Respondent is a division of the company Resource Marketing, which is devoted to marketing products on the Internet. Respondent registers domain names for Resource Marketing to market products. According to Respondent, since it has become so good in acquiring domains, such domains are often sold and the profits are used to either purchase other domain names or used to help Resource Marketing with marketing and other business expenses. Respondent states that it only offers for sale domain names ended in “.com” or “.net”, and has never offered for sale domain names ended in “.biz”.
Respondent contends that it registered the domain name <direct.biz> through a very challenging process due to the fact that it was lottery based. Therefore, to increase the chances of acquiring the domain name, Respondent worked with multiple registrars. Respondent states that the domain name <direct.biz> was registered with full knowledge of the rules and the laws set by ICANN and its purpose was to create an online business to business portal through which companies could buy and sell products directly to other companies. Respondent would be willing to sell the domain name <direct.biz> only if the buyer were willing to compensate it for the costs incurred in developing the business for the domain name. However, Respondent did not register the domain name <direct.biz> with the purpose of selling it.
With respect to the allegation of the Complainant regarding the telephone calls made to the Respondent without answer, Respondent contends that it has never received any telephone call, voice mail or had any contact with Complainant.
Respondent also contends that its parent company, Resource Marketing, has incurred a cost of USD$6.000.oo in developing the <direct.biz> domain. Respondent planned to start marketing the domain by the end of May, 2002, allowing business to provide products and services to one another.
Respondent further contends that the Complainant’s trademarks are registered to cover financial services, namely on-line computer banking services. Respondent’s use of the domain name <direct.biz> for an on-line business to business portal will not conflict with the Complainant’s rights. Respondent registered the domain name <direct.biz> with full knowledge of the <direct.com> trademark. According to the Respondent, it is very unlikely that consumers confuse <direct.biz> and <direct.com> as being the same business.
Finally, Respondent states that the word “direct” is a general term that can be used for many purposes such as “direct marketing”, “direct banking”, direct ordering”, “direct tv” and “business to business” operations. The, Complainant can not allege to have exclusive rights over the <direct.biz> domain name and can not imply that it has also rights over all domains with have “direct” as their base.
C. Additional Submissions
Complainant filed an additional submission, replying to the Response to the Complaint filed by Respondent. With respect to the Response, Complainant contends that Respondent has not submitted any support to its statements under the penalties of perjury.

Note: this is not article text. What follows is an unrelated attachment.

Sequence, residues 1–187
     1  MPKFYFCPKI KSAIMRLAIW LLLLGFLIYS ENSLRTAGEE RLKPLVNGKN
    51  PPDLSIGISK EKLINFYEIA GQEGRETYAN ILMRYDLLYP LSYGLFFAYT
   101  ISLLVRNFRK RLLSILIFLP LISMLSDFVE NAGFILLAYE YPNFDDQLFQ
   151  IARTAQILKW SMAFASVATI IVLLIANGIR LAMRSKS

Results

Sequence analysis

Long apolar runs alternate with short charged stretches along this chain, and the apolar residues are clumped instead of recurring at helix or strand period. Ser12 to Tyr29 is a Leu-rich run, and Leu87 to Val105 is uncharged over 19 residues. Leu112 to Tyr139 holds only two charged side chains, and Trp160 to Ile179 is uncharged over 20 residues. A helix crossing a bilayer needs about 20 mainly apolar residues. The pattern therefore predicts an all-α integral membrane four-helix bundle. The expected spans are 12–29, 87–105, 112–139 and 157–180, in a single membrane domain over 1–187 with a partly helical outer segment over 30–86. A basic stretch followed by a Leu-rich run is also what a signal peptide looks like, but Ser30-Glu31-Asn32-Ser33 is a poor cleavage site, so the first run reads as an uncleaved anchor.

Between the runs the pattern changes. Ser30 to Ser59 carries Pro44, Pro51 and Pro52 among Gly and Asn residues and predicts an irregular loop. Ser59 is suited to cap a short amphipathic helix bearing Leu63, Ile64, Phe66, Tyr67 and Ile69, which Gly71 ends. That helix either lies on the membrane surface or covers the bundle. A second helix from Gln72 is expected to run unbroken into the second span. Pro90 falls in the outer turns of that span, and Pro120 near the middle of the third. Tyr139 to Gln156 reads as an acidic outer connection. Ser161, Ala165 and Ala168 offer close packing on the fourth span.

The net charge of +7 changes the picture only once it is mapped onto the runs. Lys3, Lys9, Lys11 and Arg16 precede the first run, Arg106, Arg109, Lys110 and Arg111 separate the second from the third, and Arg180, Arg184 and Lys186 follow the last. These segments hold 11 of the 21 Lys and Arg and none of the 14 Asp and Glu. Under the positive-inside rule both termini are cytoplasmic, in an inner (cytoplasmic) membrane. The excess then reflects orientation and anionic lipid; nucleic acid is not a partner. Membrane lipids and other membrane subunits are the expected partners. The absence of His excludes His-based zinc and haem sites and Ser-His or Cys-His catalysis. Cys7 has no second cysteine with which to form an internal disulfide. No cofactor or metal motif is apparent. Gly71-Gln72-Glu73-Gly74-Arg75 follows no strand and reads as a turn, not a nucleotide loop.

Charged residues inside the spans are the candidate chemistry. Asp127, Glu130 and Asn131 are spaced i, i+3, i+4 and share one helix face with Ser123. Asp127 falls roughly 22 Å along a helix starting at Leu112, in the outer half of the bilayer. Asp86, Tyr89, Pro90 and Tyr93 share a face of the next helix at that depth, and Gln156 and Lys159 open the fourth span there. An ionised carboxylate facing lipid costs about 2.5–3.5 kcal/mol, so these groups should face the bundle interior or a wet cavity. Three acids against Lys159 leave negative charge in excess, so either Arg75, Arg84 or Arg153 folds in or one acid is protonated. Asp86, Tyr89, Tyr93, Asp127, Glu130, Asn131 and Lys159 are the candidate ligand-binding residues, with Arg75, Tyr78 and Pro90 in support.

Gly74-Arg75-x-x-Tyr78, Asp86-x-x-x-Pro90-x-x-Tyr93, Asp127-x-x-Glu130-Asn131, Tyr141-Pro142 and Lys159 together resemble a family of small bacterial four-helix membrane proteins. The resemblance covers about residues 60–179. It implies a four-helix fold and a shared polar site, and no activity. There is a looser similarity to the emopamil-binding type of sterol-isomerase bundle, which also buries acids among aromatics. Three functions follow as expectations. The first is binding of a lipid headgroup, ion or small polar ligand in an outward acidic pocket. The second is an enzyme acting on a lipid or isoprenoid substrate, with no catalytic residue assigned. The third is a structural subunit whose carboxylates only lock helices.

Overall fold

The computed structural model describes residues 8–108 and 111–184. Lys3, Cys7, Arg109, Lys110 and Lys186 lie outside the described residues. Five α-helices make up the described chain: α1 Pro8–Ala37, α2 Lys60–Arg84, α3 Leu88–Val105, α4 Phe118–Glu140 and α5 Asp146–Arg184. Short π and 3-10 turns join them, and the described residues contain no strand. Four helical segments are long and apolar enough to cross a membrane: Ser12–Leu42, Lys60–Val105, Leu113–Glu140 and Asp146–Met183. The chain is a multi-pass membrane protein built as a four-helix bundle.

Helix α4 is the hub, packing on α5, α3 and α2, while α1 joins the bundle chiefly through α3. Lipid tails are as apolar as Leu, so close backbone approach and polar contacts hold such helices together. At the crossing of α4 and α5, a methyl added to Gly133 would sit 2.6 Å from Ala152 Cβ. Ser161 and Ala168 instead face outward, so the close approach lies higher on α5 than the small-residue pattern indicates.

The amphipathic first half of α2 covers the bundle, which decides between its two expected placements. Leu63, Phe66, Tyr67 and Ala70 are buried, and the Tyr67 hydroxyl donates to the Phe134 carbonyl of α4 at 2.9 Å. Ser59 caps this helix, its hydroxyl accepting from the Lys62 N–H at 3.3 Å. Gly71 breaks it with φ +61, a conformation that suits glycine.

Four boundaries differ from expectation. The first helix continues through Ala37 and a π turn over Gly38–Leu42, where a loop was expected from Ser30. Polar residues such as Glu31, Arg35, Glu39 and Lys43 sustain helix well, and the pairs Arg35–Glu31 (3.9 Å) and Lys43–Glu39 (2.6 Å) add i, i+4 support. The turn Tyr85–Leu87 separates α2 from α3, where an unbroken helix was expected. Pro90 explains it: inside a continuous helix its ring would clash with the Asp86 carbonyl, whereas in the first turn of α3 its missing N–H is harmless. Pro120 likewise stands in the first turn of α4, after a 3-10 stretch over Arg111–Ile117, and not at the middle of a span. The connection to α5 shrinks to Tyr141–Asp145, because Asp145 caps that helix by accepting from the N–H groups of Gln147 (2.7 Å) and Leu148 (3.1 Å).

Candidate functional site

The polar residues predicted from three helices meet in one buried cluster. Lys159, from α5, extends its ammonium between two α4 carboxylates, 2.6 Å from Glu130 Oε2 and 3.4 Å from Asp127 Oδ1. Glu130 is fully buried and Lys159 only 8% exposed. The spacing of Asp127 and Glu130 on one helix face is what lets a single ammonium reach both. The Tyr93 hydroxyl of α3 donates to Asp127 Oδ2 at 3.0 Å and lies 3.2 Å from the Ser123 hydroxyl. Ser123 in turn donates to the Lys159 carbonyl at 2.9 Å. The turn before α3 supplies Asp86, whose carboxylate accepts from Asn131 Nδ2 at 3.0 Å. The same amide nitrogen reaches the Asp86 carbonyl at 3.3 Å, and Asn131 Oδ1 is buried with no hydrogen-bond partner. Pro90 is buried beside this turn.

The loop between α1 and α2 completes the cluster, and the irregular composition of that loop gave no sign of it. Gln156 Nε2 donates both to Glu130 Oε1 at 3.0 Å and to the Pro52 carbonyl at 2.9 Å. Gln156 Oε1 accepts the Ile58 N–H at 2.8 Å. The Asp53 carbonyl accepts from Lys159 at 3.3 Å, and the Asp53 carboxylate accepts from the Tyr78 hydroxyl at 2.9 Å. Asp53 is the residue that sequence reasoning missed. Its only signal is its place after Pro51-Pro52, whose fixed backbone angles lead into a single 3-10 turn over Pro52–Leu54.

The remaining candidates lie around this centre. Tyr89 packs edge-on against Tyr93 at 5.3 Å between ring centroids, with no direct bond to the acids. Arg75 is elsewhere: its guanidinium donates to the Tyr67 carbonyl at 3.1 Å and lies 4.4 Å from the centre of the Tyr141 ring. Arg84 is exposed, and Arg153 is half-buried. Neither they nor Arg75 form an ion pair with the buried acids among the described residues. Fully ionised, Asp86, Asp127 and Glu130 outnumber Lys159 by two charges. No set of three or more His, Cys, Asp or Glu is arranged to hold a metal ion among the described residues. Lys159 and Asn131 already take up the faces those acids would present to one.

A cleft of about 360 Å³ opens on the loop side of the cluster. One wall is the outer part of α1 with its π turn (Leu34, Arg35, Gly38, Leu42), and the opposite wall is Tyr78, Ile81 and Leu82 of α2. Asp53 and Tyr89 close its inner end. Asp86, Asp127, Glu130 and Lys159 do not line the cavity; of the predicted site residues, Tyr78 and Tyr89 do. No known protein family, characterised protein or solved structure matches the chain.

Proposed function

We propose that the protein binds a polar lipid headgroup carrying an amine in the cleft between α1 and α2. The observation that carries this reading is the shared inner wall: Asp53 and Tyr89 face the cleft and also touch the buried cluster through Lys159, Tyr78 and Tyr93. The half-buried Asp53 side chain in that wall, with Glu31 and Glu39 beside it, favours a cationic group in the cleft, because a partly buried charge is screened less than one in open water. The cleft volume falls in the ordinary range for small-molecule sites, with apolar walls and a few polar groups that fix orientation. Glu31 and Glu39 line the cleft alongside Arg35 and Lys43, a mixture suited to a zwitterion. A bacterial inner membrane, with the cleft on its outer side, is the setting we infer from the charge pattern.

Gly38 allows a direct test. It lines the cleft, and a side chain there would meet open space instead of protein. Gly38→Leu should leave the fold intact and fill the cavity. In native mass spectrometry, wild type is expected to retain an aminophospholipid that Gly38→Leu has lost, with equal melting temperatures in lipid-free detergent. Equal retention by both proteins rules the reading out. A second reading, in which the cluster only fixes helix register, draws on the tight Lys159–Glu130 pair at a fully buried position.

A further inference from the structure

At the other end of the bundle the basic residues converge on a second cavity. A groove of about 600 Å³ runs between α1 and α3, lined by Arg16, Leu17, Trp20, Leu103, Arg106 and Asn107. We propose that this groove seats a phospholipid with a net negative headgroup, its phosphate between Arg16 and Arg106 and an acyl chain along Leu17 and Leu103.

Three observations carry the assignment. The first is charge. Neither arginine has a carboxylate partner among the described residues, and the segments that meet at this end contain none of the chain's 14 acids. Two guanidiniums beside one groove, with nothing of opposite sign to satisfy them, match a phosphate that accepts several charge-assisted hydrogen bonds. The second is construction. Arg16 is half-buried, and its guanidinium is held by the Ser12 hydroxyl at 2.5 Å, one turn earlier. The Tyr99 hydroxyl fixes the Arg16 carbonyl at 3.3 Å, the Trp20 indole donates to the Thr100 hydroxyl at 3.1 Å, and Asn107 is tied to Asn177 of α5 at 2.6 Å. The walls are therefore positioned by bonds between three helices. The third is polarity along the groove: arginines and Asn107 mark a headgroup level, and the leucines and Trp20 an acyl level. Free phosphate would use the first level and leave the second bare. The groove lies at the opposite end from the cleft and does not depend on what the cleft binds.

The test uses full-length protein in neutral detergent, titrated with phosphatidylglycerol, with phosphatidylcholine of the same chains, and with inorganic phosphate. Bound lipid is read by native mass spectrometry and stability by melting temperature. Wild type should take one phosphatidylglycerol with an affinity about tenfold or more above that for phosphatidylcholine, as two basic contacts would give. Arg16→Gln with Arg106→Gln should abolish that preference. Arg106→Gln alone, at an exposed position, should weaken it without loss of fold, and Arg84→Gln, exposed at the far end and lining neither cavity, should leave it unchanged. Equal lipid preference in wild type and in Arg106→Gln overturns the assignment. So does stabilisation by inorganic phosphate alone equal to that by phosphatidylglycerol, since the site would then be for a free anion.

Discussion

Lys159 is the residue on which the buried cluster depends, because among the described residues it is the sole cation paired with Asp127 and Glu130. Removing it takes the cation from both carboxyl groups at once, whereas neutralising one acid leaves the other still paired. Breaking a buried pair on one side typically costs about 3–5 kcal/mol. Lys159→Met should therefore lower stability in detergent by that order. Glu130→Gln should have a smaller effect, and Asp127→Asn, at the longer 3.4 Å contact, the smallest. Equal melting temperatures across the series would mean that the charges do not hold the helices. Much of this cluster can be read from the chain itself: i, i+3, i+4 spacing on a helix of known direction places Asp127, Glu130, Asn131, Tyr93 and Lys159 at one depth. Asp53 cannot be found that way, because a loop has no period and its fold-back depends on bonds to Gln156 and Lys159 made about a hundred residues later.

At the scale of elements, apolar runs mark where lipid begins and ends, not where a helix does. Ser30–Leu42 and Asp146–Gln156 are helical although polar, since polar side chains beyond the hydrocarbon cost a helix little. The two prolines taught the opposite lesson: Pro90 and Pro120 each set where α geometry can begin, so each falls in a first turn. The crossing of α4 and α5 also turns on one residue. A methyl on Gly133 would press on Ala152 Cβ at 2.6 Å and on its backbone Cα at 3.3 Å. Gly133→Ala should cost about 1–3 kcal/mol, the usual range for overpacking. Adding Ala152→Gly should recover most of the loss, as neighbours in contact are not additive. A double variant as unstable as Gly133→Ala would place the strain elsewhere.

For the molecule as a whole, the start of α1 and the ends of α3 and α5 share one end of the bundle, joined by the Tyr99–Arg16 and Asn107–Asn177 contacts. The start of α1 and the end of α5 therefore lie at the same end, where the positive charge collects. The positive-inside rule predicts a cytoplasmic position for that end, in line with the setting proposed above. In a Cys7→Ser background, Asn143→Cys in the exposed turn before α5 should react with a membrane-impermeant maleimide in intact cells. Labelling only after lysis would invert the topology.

According to the Complainant, Respondent conceded in its Response that capturing domain names for sale is its central business. Likewise, although Respondent initially denies that the domain name <direct.biz> was registered for sale, Respondent then accepts that it your sell the <direct.biz> domain name if the buyer were willing to compensate Resource Marketing for the cost incurred in developing the business of the domain name.
Complainant insists that Respondent has violated the representations and warranties pursuant to which it applied for registration of <direct.biz>, since it registered the domain name knowing that Complainant was already using <direct.com> as a trademark and has acquired rights over such sign. Complainant concludes that Respondent meets the four circumstances identified in paragraph 4 (b) of the STOP Policy as evidence of registration or use of a domain name in bad faith.
Consequently, Complainant concludes that the Panel should grant the relief requested in the Complaint and order the transfer of the domain name <direct.biz> in its favor.
Paragraph 15(a) of the STOP Rules instructs this Panel to “decide a complaint on the basis of the statements and documents submitted in accordance with the Policy, these Rules and any rules and principles of law that it deems applicable.”
Paragraph 4(a) of the STOP Policy requires that the Complainant must prove each of the following three elements to obtain an order that a domain name should be transferred:
(1) the domain name is identical to a trademark or service mark in which the Complainant has rights; and
(2) the Respondent has no rights or legitimate interests in respect of the domain name; and
(3) the domain name has been registered or is being used in bad faith.
Due to the common authority of the ICANN policy governing both the Uniform Domain Name Dispute Resolution Policy (“UDRP”) and these STOP proceedings, the Panel will exercise its discretion to rely on relevant UDRP precedent where applicable.